We may not be able to fully predict how future changes to the Affordable Care Act (ACA) will affect the healthcare system, but AAFCPAs advises healthcare clients to position themselves for change. AAFCPAs’ Matt Hutt reflects on last week’s healthcare reform news, and shares insight into what providers may expect:
- Healthcare providers must position themselves for change, and focus on short and long-term Strategic Planning. Providers should now: assess the profitability of programs & services, watch expenses, contain costs, and control risks.
- Providers should consider discontinuing/outsourcing services that are not a loss leader, and that cost the organization, for example: Lab and Social Service Programs. Providers may consider adding more profitable programs/services, such as Pharmacy.
- Healthcare providers should re-evaluate their necessary levels of financial reserves. This should be incorporated into their cash management and investing strategies.
- Providers must be careful now of investments and growth plans while there is so much uncertainly with healthcare reimbursements. Some of the really big providers are now struggling with their fiscal health, arguably because they grew too big too fast by expanding their footprint and service offerings.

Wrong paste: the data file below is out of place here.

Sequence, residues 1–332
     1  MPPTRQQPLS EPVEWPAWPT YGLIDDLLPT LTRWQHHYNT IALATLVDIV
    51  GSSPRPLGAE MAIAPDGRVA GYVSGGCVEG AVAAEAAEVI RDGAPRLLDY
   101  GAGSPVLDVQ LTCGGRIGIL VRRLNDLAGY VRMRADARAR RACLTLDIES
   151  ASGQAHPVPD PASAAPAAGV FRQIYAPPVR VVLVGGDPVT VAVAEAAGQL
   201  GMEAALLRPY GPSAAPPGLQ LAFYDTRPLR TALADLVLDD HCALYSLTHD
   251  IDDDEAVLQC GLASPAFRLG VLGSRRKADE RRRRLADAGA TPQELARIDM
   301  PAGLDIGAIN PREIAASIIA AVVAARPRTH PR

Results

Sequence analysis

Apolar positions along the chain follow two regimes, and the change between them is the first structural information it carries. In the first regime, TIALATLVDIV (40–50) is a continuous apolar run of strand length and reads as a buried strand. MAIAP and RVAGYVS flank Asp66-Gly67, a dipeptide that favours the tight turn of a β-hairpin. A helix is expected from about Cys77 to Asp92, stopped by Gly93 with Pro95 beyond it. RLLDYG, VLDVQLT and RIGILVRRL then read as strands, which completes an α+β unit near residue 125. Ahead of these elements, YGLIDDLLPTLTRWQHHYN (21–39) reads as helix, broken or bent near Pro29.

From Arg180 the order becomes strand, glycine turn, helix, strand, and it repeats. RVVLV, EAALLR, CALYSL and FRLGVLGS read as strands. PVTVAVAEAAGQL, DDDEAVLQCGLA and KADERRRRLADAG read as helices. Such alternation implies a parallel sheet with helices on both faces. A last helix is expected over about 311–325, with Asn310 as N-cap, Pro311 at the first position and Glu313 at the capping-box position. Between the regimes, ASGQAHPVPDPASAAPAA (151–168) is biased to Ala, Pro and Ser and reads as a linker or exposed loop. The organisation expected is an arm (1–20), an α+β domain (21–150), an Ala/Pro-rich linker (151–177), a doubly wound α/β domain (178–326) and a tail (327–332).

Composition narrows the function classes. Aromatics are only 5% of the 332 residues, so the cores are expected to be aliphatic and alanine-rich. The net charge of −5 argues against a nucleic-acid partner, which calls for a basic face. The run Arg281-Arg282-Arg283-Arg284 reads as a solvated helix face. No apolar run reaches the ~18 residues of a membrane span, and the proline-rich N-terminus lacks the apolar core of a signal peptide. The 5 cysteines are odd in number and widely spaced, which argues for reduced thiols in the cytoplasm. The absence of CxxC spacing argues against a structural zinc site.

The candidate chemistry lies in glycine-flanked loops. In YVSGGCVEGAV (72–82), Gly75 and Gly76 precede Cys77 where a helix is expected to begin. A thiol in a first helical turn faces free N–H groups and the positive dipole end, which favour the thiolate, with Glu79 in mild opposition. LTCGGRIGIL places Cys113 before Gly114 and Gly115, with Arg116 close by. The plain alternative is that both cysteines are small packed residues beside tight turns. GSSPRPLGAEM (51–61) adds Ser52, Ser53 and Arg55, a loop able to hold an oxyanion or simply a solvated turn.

- Providers should evaluate the benefits of forming strategic alliances (healthcare collaboratives) with complementary providers, such as: a Community Health Center providing outpatient/primary care services aligning with a Hospital to provide inpatient services, or aligning with a Human & Social Services agency for Behavioral Health services. Alliances may offer meaningful benefits, including: shared revenue & costs, enhanced geographic footprint, and perhaps most significant: access to a more diversified patient group. When it comes to the reimbursement landscape, the more diversified your patient group, the more safeguarded providers are from risks. AAFCPAs has advised clients in forming mergers and strategic alliances, helping them to optimize and leverage each other’s strengths.
- Providers may be able to improve quality and outcomes, and provide services as part of an integrated delivery system by participating in an Accountable Care Organization (ACO) model. We have advised behavioral health agencies on the implementation of community partnership programs and the financial impact that these can have on the agencies’ operations.
Now more than ever, the healthcare industry has myriad rules and regulations, and today’s providers are navigating significant changes in the way they conduct business and care for their patients. Providers must quickly adapt to the changing regulatory environment, and capitalize on emerging opportunities to reduce costs, streamline efficiency, and achieve more coordinated and integrated forms of healthcare delivery.